It’s important to remember that NBC is a network, not a single channel. Most cable/satellite providers carry the NBC Sports channel and the local NBC affiliate (for the Milwaukee market, that’s WTMJ, channel 4). Far fewer providers carry NBC Universal, a channel on which you will find the Vuelta a España, several smaller stage races, and a number of one-day races. If you have NBC, NBC Sports and NBC Universal, then you’ll get to see a lot of racing this year. But notably absent are Tirreno-Adriatico, Milan-San Remo, the Ronde van Vlaanderen, Amstel Gold, the Tour of Romandie, the Giro d’Italia, the Tour de Suisse, and the Giro di Lombardia. How can NBC leave those events off the schedule while it includes such also-ran events as the Tour of Turkey, the Grand Prix E3 Harelbeke, the Three Days of De Panne, the Four Days of Dunkerque, the GP Plouay and the GP Wallonie? Even avid cycling fans are unlikely to recognize some of those.
Then there’s the issue of timeslots. Some of NBC’s broadcasts will occur late at night, hours after the conclusion of the actual events. That should allow NBC to present highlights free of the technical problems that plague its live coverage, but it won’t do anything to grow the audience for cycling.
Early this morning VeloNews published a thought-provoking editorial on cycling’s TV problem. What’s your opinion? Would you rather watch a live broadcast in its entirety despite the risk of boredom, or would you prefer a condensed broadcast that packages race highlights with personality profiles and technical reviews? Please see the poll in the right-hand column of this page and cast your vote.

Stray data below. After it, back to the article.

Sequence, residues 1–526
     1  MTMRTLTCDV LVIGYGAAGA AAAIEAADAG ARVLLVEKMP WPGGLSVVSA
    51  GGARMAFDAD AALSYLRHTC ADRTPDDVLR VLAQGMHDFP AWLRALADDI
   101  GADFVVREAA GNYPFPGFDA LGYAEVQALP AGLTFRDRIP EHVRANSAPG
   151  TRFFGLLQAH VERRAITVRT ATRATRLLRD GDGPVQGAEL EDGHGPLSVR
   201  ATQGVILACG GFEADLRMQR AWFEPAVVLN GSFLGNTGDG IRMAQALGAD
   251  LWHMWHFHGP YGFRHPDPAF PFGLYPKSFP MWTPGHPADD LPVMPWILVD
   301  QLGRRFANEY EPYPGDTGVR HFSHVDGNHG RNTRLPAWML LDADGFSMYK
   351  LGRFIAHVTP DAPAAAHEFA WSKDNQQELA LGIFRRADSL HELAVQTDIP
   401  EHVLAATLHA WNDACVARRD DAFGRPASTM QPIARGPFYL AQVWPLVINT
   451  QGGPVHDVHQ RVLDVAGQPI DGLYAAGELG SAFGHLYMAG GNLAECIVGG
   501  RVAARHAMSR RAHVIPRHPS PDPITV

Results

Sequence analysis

VeloNews is a road-oriented magazine and the editorial is written from that perspective. My take on televised road races is this: I want to see everything but I realize I’m not a typical fan. To grow the viewership the best approach is live coverage that includes other features which can be shown during lulls in the action. But of the two options I'm presenting in my poll, I'm picking the cleaned-up highlights approach. I'll get my wire-to-wire coverage on the Internet.
Pro cyclocross is almost made for TV already: begin the broadcast on the hour with a course preview and rider interviews, start the race 15 minutes later, follow the live action for 60 minutes, then wrap things up with the podium presentation and more interviews and you’re all done in an hour and a half. And ’cross doesn’t require an army of cameramen because the course isn’t 120 miles long.
Time trials and track events fit neatly into a televised format too. Sure, a TT can take several hours to unfold but we don’t need to see it all. Usually the top contenders are grouped at the end of the start list, and with only a handful of riders on the course at any time, it’s easy for the TV announcers to build drama around individuals rather than presenting an amorphous peloton. Track cycling is perfect for TV because it is so confined by the physical dimensions of the velodrome and by the short duration of its events. Some endurance events surpass 60 minutes, but if you gave those the highlight treatment and concentrated on the sprints, then you could give viewers multiple races in a single 1-hour program.
On Sunday we’ll get to see whether NBC was listening to its critics during the Tour Down Under—I doubt the network reads my blog but let’s hope all of the negative comments on its Facebook page didn’t go unnoticed. Highlights from the Tour of Oman will air on NBC Sports at 11 a.m. CST, followed by live coverage of the Paris-Nice prologue at noon.